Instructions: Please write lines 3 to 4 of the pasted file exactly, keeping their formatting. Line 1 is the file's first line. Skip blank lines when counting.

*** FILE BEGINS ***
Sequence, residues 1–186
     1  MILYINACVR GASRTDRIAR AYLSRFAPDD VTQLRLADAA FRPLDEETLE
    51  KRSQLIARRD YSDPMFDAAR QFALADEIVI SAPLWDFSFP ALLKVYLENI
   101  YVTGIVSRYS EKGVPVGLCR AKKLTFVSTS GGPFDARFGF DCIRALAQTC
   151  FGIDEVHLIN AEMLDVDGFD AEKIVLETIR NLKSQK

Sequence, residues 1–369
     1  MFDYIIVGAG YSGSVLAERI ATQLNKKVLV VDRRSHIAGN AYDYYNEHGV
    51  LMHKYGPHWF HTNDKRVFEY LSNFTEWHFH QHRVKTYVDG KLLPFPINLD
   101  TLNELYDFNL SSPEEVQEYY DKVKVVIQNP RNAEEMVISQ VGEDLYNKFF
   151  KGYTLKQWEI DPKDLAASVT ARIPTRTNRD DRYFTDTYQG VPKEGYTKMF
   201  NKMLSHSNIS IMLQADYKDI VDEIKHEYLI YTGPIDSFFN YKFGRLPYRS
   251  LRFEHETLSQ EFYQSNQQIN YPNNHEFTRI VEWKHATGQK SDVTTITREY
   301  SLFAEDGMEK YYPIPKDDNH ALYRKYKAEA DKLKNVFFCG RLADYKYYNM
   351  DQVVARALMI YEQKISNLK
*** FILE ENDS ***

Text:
    51  KRSQLIARRD YSDPMFDAAR QFALADEIVI SAPLWDFSFP ALLKVYLENI
   101  YVTGIVSRYS EKGVPVGLCR AKKLTFVSTS GGPFDARFGF DCIRALAQTC